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May 10 – 15, 2021
Virtual Event
Europe/Vienna timezone
The Conference will be held virtually from 10-15 May 2021

Latest results of EUROfusion plasma-facing components research in the areas of power loading, material erosion and fuel retention

May 10, 2021, 2:00 PM
4h 55m
Virtual Event

Virtual Event

Overview Poster Overview OV-OV/P Overview Posters


Michael Reinhart (EUROfusion)


The EUROfusion Work Package PFC (Plasma-Facing Components) focuses on critical plasma-surface interaction studies and components qualification in view of upcoming ITER operation and in preparation for DEMO exhaust solutions. This poster gives an overview of the latest main results in WP PFC, as well as their implications for ITER and DEMO.

Helium-Tungsten Interaction

The Helium-Tungsten (He-W) interaction was studied extensively in the full W tokamak WEST (CEA), in dedicated experiments in the divertor manipulator of ASDEX Upgrade with He pre-damaged W (MPG), in dedicated high fluence experiments on ITER monoblocks in the MAGNUM-PSI device (DIFFER), and compared with other laboratory studies and first principle modelling. The goal is the predictability towards He-W interaction in the different phases of ITER (He plasmas and DT plasmas with He ash). Figure 1 shows an example of the formation of W fuzz in samples exposed to ASDEX Upgrade H-mode plasmas. The results, showing pronounced evolution of the surface morphology and the creation of He nanobubbles below the surface, will be used to benchmark models relevant for lifetime estimations of the first ITER divertor. This work related to He-W interaction is done jointly with the ITER Organisation.

Formation of W fuzz in AUG
Fig.1) Formation of W fuzz in AUG [Brezinsek et al.]

Tungsten surface morphology and erosion

The erosion yield of the W fuzz has not only been studied under tokamak conditions, but also in laboratory arrangements with monoenergetic ion beam bombardment. These experiments provide the sputtering yield of 3D structured surfaces, as well as W fuzz, as a function of impact energy and impact angle. Complementary simulations of the surface evolution of e.g. W fuzz was performed with the TRI3DYN code. The reference binary-collision approximation code 3DTRIMSP has been benchmarked in 2018 against ion beam experiments and 3D structures and provides the input basis for larger scale modelling with ERO2.0 and WallDYN 3D. Overall, the combination of these laboratory and tokamak experiments will be used to benchmark also global migration codes with novel surface roughness modules (e.g. in ERO2.0).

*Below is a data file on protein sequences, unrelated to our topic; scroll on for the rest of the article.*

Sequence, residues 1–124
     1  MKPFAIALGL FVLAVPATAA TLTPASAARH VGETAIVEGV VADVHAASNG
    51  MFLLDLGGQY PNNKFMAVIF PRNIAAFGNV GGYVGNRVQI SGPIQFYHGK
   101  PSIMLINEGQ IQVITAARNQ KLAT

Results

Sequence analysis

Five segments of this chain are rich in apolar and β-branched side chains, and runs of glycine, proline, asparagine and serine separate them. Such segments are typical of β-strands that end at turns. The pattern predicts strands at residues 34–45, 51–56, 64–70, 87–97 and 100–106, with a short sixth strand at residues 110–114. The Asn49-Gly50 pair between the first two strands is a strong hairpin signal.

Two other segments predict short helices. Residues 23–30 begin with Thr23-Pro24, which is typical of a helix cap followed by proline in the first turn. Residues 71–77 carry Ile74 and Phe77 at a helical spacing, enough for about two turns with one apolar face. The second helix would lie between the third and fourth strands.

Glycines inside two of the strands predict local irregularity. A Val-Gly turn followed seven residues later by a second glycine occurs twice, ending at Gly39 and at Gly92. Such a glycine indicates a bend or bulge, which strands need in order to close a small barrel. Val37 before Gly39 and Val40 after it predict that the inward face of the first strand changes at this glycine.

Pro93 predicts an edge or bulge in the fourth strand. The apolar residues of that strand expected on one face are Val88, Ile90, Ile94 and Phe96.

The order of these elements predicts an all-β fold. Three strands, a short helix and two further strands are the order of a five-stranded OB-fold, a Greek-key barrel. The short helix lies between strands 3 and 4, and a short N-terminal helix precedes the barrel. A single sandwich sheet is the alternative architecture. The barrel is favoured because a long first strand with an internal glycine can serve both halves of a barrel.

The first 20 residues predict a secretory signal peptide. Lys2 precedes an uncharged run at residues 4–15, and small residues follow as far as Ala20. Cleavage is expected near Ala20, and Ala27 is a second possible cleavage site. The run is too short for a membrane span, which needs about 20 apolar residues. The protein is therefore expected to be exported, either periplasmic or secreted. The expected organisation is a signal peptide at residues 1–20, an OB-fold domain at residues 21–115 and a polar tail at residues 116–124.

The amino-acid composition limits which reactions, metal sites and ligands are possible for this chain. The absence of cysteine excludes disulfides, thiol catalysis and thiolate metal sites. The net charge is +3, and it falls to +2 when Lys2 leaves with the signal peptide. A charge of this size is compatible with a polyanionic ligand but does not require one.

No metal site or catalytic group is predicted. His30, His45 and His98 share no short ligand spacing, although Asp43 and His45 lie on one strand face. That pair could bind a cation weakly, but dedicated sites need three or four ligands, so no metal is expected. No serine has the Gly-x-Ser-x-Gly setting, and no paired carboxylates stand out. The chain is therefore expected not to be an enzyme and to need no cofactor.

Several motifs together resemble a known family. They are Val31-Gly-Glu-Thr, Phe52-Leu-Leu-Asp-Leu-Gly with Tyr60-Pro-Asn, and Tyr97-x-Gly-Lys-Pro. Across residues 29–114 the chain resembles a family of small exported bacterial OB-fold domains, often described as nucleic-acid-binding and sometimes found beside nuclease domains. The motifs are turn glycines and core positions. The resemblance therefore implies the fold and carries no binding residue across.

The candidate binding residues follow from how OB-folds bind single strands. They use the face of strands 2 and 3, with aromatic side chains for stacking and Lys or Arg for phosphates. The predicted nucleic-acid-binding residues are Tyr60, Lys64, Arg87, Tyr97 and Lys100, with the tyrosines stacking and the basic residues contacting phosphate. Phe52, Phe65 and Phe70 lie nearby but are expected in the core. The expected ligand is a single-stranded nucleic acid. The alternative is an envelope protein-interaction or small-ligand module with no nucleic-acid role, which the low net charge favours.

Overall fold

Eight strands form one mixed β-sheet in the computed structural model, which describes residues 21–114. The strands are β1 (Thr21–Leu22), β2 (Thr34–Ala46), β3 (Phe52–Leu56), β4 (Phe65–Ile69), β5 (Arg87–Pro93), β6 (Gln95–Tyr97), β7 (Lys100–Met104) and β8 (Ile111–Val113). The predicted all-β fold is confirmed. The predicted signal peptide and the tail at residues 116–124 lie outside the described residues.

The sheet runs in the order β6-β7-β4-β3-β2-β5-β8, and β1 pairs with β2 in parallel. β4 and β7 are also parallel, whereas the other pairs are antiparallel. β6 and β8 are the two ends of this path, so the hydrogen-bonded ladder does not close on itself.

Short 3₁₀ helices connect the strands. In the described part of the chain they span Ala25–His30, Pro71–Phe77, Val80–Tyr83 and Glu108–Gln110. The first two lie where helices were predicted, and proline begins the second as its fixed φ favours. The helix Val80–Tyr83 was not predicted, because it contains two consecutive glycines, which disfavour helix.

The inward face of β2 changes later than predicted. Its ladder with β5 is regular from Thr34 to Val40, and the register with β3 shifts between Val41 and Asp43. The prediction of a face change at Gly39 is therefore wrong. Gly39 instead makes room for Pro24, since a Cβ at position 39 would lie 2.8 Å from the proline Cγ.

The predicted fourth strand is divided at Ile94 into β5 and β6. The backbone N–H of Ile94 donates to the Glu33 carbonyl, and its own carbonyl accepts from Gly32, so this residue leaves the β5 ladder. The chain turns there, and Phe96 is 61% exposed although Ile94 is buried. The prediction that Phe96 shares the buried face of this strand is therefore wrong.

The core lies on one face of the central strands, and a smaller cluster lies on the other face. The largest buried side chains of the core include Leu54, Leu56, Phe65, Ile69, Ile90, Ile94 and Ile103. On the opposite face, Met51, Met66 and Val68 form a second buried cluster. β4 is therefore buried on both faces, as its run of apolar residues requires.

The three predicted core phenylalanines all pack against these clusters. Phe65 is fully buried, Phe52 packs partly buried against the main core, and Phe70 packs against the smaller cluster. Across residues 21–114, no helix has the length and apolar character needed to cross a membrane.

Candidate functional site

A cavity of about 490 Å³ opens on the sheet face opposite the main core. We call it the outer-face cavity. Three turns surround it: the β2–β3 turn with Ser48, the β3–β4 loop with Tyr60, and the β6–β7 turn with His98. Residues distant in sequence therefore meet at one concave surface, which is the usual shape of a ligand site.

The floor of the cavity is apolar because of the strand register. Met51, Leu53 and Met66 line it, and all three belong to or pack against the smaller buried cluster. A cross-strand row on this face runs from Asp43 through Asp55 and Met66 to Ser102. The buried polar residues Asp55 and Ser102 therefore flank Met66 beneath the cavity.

Preferential sputtering direction at rough surfaces
Fig. 2) Preferential sputtering direction at rough surfaces [Eksaeva et al.]

Fig. 2 shows an example of the so-called needle formation under perpendicular impact on low-Z surfaces (Be), modelled with the roughness surface module implemented in ERO2.0. This example is an outcome of the long-standing PISCES-B cooperation between WP PFC and UCSD with regular guest scientists from EU send to the US to perform studies related to Be.

Finally, 3D modelling utilising the ERO2.0 code without the surface roughness module has been applied to benchmark JET (Be, W) and WEST (W) experiments as well as to predict the Be migration in ITER. A typical example from the WEST application is shown in fig. 3 providing the experimental plasma information, the plasma background as well as the corresponding ERO2.0 run. In the future, dedicated runs with the surface roughness of technical surfaces and appropriate material mixing will be done for the different devices in support of predictions for ITER and DEMO.

ERO2.0 modelling of W erosion in WEST
Fig. 3) ERO2.0 modelling of W erosion in WEST [Gallo et al.]

Qualification of ITER-like monoblocks